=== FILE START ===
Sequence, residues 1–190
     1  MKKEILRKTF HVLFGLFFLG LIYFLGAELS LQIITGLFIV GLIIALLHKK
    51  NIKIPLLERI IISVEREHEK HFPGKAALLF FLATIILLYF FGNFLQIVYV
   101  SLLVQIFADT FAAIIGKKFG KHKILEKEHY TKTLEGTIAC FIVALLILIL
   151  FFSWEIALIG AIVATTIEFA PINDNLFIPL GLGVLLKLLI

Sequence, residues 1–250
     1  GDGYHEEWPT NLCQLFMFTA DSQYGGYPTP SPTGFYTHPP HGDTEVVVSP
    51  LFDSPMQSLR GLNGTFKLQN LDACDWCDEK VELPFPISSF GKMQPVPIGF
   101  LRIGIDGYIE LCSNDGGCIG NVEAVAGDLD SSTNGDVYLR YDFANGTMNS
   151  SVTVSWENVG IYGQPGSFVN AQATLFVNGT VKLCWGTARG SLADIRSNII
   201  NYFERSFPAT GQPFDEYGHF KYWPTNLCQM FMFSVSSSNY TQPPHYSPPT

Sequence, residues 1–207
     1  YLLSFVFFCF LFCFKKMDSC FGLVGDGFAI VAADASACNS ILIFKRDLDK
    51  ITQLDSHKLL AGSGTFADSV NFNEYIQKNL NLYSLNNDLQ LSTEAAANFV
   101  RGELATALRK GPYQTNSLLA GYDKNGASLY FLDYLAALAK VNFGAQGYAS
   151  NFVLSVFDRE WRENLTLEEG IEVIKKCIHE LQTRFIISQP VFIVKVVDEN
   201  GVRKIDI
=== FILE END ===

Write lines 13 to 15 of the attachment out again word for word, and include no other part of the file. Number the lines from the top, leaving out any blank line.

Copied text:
     1  YLLSFVFFCF LFCFKKMDSC FGLVGDGFAI VAADASACNS ILIFKRDLDK
    51  ITQLDSHKLL AGSGTFADSV NFNEYIQKNL NLYSLNNDLQ LSTEAAANFV
   101  RGELATALRK GPYQTNSLLA GYDKNGASLY FLDYLAALAK VNFGAQGYAS